this at 70° F. 4 gallons of yeast are added, and stirred for about 10 minutes. It is then allowed to stand for 2 days, and afterwards put into tubs, covered with canvas and placed in a dark room, which is maintained at a warm even temperature by means of a stove or stoves. The tubs are left thus until the wort is converted into vinegar, the process being usually completed in about 3 weeks, although it can be hastened by adding a small quantity of grape skins or crushed raisins. Vinegar is also produced by inducing long fermentation in poor qualities of wines. Cider can also be converted into vinegar by admitting air into the barrels containing it, and inducing prolonged fermentation. The acid developed during fermentation is known as "acetic," except that derived from the distillation of wood, which is "pyroligenous acid." This latter variety is somewhat deficient in flavour, but it is perfectly wholesome, and being cheap is largely employed by those who make pickles in large quantities.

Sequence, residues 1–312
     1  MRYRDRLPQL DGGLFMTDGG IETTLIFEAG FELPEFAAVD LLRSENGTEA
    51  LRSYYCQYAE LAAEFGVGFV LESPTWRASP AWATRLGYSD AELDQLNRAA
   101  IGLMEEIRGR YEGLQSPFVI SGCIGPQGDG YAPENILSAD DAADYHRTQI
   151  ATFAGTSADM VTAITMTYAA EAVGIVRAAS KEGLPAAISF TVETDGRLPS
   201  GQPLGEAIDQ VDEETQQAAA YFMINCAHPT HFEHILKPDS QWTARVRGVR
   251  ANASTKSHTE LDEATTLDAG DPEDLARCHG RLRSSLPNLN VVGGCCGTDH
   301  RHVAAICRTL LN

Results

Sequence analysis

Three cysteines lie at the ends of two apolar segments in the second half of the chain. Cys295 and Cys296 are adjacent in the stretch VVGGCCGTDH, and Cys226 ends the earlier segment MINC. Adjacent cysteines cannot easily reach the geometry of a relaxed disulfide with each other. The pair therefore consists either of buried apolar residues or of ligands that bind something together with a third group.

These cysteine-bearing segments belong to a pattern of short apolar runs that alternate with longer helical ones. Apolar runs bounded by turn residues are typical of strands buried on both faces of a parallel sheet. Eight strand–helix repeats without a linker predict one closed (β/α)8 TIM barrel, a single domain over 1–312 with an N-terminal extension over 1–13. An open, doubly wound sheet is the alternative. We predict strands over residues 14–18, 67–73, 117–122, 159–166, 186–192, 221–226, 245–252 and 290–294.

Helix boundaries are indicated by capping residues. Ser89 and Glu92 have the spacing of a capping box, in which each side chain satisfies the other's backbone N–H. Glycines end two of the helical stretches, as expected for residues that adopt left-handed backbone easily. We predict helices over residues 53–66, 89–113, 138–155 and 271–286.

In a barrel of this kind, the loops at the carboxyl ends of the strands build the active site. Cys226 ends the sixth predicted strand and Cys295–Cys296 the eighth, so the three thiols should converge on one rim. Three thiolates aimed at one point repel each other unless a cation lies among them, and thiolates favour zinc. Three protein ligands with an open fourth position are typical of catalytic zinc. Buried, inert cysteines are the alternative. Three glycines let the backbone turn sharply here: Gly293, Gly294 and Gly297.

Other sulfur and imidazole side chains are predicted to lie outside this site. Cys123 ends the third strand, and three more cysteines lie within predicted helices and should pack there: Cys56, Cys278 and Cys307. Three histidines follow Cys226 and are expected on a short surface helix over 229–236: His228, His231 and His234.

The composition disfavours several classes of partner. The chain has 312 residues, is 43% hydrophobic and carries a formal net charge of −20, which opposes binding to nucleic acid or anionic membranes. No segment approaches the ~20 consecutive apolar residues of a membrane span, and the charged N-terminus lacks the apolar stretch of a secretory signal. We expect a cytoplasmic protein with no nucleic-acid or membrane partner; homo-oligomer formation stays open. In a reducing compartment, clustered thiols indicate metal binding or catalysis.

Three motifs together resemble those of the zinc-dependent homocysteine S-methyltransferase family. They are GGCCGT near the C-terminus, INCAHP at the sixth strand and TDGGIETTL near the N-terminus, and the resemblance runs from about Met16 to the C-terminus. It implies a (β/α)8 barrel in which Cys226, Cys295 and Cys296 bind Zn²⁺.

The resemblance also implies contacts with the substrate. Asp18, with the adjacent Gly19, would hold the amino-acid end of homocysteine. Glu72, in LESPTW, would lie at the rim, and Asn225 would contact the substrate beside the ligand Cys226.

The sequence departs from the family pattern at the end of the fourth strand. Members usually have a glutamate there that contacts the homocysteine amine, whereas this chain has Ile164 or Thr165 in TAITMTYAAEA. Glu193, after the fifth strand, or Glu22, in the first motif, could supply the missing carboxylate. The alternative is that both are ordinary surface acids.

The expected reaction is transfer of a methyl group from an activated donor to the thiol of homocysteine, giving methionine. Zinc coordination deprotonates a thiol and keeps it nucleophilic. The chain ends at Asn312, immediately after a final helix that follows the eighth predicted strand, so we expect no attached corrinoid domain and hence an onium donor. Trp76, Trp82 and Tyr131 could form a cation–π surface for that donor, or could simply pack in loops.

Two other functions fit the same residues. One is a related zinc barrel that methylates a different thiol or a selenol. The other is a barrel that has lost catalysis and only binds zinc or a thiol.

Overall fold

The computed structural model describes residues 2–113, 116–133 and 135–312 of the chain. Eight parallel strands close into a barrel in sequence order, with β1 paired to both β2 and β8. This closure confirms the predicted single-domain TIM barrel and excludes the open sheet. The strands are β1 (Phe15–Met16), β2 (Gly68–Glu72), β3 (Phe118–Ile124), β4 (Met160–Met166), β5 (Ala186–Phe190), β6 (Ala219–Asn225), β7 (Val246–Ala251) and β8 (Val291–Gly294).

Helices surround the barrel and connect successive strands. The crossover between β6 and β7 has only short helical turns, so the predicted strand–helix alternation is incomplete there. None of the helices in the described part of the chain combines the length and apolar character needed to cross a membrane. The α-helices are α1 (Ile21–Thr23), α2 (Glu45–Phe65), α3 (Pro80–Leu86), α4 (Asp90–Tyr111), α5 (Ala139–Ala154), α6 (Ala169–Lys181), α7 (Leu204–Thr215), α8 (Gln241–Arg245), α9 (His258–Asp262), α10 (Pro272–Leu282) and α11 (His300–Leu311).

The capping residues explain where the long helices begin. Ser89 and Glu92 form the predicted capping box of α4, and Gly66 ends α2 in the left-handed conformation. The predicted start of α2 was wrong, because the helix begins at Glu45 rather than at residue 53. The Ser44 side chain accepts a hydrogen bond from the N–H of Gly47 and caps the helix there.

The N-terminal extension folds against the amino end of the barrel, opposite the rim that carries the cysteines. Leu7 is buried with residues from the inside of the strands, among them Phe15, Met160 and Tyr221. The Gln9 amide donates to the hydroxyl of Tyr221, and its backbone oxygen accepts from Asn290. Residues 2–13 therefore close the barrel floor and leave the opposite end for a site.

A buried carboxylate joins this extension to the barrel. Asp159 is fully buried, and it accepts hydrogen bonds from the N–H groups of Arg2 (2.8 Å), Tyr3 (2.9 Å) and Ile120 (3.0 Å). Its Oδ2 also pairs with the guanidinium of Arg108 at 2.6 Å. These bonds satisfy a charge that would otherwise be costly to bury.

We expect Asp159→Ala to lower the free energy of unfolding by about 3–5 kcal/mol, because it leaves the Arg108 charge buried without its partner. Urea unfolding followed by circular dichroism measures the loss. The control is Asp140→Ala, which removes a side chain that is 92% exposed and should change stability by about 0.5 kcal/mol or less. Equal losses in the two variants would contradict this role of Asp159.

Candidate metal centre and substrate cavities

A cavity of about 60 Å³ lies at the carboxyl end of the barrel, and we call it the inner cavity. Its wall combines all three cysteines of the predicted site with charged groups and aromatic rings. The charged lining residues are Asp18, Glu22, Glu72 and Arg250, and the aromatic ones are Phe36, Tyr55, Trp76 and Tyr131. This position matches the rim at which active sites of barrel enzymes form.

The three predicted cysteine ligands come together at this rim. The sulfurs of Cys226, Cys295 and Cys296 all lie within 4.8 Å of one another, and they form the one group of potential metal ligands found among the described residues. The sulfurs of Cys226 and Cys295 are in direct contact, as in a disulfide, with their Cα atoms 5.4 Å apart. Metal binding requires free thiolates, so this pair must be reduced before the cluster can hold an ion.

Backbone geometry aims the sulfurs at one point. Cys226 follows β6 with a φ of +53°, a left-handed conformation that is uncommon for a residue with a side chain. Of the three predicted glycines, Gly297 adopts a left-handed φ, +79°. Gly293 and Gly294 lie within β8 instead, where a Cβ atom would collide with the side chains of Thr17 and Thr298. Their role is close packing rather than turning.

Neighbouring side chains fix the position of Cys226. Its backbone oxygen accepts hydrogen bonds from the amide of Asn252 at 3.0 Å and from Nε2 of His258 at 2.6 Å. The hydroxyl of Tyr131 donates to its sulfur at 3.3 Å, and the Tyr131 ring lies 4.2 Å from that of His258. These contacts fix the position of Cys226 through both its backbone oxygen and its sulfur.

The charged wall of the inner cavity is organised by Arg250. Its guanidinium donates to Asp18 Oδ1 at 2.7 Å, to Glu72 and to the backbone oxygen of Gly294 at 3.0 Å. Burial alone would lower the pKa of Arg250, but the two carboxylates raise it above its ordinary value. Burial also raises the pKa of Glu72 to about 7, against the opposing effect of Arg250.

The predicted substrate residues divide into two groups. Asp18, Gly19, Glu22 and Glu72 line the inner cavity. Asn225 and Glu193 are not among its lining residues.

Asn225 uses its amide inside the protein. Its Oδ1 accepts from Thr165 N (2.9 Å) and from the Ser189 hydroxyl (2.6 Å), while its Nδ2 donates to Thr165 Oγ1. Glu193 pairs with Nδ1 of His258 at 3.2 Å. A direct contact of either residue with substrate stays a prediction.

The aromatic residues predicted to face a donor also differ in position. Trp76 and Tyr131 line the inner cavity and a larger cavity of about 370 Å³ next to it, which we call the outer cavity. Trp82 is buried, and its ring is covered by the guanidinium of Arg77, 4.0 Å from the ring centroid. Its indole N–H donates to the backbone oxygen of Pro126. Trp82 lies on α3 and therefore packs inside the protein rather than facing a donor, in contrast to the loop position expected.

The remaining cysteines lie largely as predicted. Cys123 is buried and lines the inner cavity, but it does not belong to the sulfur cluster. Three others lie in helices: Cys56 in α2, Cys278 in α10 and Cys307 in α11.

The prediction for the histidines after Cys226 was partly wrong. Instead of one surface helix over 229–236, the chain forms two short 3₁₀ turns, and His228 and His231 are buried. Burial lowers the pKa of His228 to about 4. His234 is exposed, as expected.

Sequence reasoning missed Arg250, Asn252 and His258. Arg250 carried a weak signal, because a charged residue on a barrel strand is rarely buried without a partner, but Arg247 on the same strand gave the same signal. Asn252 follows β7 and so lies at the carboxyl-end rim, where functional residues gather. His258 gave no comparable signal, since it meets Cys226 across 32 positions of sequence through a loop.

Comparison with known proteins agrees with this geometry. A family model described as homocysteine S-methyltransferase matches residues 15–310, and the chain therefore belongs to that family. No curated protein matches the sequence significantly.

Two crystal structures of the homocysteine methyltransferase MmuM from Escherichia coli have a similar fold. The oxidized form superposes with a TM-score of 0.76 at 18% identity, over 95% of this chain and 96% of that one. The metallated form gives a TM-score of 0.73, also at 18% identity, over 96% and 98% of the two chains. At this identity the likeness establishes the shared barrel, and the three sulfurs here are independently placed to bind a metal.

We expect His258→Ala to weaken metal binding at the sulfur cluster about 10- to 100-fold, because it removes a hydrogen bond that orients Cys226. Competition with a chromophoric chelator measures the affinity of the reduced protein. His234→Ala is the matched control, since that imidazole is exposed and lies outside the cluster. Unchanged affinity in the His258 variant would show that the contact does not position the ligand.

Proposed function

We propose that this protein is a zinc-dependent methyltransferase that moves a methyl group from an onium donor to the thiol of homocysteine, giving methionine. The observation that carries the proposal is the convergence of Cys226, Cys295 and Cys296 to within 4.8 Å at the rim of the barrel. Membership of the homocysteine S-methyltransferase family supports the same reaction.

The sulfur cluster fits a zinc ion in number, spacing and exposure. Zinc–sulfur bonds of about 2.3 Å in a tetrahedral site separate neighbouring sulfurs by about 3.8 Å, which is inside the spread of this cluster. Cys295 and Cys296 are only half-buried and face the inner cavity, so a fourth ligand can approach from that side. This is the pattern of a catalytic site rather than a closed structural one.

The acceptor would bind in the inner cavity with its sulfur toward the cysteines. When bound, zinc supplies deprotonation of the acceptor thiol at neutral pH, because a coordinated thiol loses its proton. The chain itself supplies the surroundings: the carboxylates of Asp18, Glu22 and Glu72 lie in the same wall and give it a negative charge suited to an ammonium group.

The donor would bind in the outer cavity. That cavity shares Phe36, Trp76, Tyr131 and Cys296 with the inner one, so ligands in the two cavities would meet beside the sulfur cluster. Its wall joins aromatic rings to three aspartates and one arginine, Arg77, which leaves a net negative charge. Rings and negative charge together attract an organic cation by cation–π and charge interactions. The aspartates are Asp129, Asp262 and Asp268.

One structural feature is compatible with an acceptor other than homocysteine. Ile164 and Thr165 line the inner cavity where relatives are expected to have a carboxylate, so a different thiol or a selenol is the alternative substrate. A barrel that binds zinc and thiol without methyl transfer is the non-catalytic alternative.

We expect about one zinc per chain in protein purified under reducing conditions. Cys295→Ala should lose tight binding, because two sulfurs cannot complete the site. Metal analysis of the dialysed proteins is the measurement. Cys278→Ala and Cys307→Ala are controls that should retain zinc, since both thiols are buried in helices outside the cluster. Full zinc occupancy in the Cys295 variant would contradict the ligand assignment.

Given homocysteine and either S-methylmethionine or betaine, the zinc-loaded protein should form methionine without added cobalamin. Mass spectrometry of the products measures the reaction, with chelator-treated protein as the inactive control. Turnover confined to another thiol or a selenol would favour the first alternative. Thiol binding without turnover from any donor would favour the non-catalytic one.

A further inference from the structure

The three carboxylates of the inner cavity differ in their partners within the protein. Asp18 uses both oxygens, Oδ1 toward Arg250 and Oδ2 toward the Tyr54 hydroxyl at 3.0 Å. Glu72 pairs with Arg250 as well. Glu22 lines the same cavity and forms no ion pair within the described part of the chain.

Store Sauces may be broadly divided into two classes. The first series comprise such well-known liquid sauces as Worcester, ketchup, etc., which have a basis of vinegar and water, while the second class includes tomato, anchovy and other thick sauces.